In one preferred embodiment, filter 120 is implemented as an ECG and pacer artifact filter. In this embodiment, input signal 110 is an EEG signal and filter 120 processes the EEG signal 110 to remove ECG and pacer artifacts from the filtered signal 112. ECG and pacer artifacts are cardiac artifacts in that they relate to the heart. ECG artifacts are artifacts that arise naturally from the action of the heart muscle (i.e., the electrocardiogram QRS complex). Pacer artifacts arise from electrical instruments used to control the rhythm of the heart (e.g., pacemakers). As is well known, the conductivity of the body often causes these cardiac artifacts to appear in measured EEG signals. Presence of these artifacts in the EEG signals may interfere with the operation of processing components such as a bispectral index generator, so filter 120 detects and removes these artifacts.

Since ECG and pacer artifacts often occur with such a high frequency (e.g., 120 beats per minute), simply detecting and removing the portions of the EEG signal including those artifacts may leave insufficient data for processing components such as a bispectral index generator to process. So, filter 120 preferably generates the filtered signal by (1) removing portions of the EEG signal 110 that include ECG or pacer artifacts, and by (2) replacing the removed portions of data with original (artifact free) data in portions of the EEG signal 110 temporally adjacent the removed portions. Replacing the removed portions of data in this fashion insures that the resulting filtered signal includes sufficient data for processing components such as a bispectral index generator to accurately process. Since the spectral content of temporally adjacent portions of an EEG signal tend to be similar, replacing deleted portions of the EEG signal with temporally adjacent (artifact free) portions does not significantly alter the spectral content of the filtered signal and therefore does not adversely affect the processing provided by subsequent processing components.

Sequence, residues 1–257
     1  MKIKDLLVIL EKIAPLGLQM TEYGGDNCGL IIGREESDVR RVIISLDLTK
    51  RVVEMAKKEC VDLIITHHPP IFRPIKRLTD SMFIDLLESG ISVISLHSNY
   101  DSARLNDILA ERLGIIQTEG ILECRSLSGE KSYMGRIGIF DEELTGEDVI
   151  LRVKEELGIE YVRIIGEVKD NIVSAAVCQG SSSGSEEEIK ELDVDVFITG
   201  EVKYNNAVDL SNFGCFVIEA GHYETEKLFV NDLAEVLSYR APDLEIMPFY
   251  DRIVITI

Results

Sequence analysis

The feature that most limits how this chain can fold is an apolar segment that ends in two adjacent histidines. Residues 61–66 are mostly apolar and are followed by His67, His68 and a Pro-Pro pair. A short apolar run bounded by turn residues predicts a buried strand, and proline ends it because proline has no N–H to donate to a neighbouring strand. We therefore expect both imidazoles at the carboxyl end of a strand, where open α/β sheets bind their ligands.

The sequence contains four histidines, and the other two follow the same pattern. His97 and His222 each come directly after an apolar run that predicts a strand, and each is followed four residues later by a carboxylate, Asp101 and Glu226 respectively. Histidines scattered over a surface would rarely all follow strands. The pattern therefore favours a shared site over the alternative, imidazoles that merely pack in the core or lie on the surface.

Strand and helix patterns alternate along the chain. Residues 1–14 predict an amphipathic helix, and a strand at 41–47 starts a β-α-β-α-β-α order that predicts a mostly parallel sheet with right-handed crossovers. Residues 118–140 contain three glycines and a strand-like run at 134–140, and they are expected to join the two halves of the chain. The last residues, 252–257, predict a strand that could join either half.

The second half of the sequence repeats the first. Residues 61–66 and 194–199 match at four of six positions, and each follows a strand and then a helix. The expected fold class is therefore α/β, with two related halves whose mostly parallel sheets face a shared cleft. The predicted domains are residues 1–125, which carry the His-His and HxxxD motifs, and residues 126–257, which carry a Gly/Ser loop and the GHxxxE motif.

FIG. 2 shows a detailed block diagram of a preferred embodiment of the ECG and pacer artifact filter 120 constructed according to the invention. Filter 120 includes two high pass filters 210, 212; two band pass filters 214, 216; an outlier enhancer 218; an ECG spike detector 220; a pacer spike detector 222; and a spike remover 224. The EEG signal 110 is applied to high pass filters 210, 212, and to spike remover 224. High pass filters 210 and 212 filter the EEG signal 110 and thereby generate output signals that are applied to band pass filters 214 and 216, respectively. Band pass filters 214 and 216 filter the signals received from high pass filters 210 and 212, respectively, and apply the resulting signals to outlier enhancer 218 and pacer spike detector 222, respectively. Outlier enhancer 218 receives the signal from band pass filter 214 and generates therefrom a signal that is applied to ECG spike detector 220. ECG spike detector 220 and pacer spike detector 222 each generate an output signal and these signals are both applied to spike remover 224. The latter generates the filtered signal 112.